Over the last 6 seasons, Joe Girardi has demonstrated how attached he is to his binder and his strategies. For as good Girardi is at getting the most from his bullpen, his formulas are incredibly simple and predictable. The manager chooses a closer, an 8th inning guy, a 7th inning guys, a specialist, a long-man, and a couple of middle relievers.
Of course, we've seen more intelligent decisions than just assigning a hierarchy in the bullpen and hoping for the best, Girardi does a great job of platooning players based on handedness, as well as their style of pitching. For instance, pitchers that we expected to be long-men, Adam Warren and David Phelps, have emerged in situations where runners are already on base. These two pitchers both command good sinkers/two-seamers, and have the ability to earn both ground ball double players and strikeouts.
While Girardi remains one of the most successful managers at commanding his bullpen, one knock against him is his strict adherence to the reliever hierarchy based on innings. Instead of having a 7th inning guy, 8th inning guy, and a closer, many analysts believe that the most effective way to assign your best relievers is based on predicted leverage. Your best reliever should theoretically be placed in the highest leverage inning of the game, and although the 9th inning usually carries the most deadly scenarios, there are times when the 5th or 6th inning are make or break in a close game.
Over the last month, Girardi has unintentionally put one of his best relievers in these high-leverage middle inning scenarios. Dellin Betances has not earned all of Girardi's confidence, but it hasn't been through poor results. Betances' incredible stuff has played up well to the major leagues, and at the moment he owns nineteen strikeouts and just four hits in 11.2 innings.The problem is that Betances also walked seven batters, which isn't entirely surprising for those that know his history of command issues. The wildness has prevented Betances from leapfrogging his way up Girardi's bullpen hierarchy.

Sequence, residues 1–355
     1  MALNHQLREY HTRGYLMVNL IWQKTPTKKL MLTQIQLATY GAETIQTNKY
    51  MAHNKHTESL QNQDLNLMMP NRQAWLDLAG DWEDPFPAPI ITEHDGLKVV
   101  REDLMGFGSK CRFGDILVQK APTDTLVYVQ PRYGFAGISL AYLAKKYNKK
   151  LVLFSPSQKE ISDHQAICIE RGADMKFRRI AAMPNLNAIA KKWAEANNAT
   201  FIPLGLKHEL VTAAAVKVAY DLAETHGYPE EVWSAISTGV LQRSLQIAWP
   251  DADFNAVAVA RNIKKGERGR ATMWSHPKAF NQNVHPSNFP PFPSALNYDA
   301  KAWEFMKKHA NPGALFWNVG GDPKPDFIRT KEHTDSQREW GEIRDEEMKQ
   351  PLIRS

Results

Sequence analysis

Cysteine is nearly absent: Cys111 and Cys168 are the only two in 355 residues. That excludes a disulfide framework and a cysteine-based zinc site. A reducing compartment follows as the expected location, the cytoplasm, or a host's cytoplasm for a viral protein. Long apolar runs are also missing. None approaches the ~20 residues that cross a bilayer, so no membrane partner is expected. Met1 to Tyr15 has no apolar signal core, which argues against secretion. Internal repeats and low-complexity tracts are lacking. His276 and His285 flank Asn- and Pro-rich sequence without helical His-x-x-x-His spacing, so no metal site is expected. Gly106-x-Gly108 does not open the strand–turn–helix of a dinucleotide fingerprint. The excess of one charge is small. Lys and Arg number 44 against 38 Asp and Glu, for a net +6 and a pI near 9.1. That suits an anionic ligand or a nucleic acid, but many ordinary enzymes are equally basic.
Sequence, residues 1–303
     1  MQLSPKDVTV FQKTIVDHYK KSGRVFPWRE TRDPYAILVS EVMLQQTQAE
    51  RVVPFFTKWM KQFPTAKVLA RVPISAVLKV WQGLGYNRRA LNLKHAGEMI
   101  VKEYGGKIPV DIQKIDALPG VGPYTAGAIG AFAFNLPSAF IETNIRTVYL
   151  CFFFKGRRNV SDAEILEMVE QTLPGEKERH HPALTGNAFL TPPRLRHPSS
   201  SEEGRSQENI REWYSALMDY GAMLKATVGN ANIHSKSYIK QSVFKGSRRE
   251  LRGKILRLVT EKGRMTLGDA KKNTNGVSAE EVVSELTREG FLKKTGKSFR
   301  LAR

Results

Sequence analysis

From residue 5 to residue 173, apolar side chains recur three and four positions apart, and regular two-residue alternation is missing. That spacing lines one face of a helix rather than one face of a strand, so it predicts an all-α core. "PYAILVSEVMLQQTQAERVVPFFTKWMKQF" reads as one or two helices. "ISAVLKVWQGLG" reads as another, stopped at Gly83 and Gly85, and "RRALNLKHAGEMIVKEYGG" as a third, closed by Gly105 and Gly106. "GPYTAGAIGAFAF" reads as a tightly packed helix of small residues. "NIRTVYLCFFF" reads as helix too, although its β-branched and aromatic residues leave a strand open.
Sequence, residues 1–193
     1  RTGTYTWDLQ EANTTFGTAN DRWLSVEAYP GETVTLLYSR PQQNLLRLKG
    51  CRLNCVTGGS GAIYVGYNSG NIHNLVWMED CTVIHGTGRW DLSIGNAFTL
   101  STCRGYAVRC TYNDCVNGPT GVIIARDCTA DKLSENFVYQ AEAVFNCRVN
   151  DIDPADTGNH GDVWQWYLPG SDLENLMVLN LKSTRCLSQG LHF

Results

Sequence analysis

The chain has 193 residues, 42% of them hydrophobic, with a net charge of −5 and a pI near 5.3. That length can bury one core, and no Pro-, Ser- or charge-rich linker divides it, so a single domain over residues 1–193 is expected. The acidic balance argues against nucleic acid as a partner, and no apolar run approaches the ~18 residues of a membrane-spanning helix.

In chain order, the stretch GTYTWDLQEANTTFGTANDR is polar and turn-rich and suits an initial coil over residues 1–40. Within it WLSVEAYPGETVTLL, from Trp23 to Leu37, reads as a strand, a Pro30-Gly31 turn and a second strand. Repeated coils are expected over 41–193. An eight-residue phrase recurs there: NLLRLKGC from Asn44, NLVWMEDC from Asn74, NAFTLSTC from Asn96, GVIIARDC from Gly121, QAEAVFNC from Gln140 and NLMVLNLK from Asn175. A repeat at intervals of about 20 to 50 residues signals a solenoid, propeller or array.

Keeping Betances in the middle-relief fireman role could be one of the best inadvertent successes of Girardi's bullpen this year. With David Robertson pitching well as the closer, Shawn Kelley in the 8th inning, and Adam Warren in the 7th inning, it'll be difficult for the rookie Betances to jump his way up to these late innings. Instead, his best place at the moment is in the 5th or 6th inning. When starters work their way into a jam with high pitch counts, the Yankees now have a reliever that can immediately come out of the bullpen and strikeout the middle of a lineup. Even Betances' biggest weakness, his propensity to walk batters, plays well into these high-leverage spots as long as the bases aren't loaded.
At the moment, Betances may have the best stuff in the bullpen, and his poor command is actually forcing Girardi to keep one of his best relievers in a middle-inning high-leverage situation. Hopefully we see his walk rates decline as his season grows on, but at the moment, Betances looks like one of the best firemen the Yankees have had since Robertson was promoted to the setup position in 2010.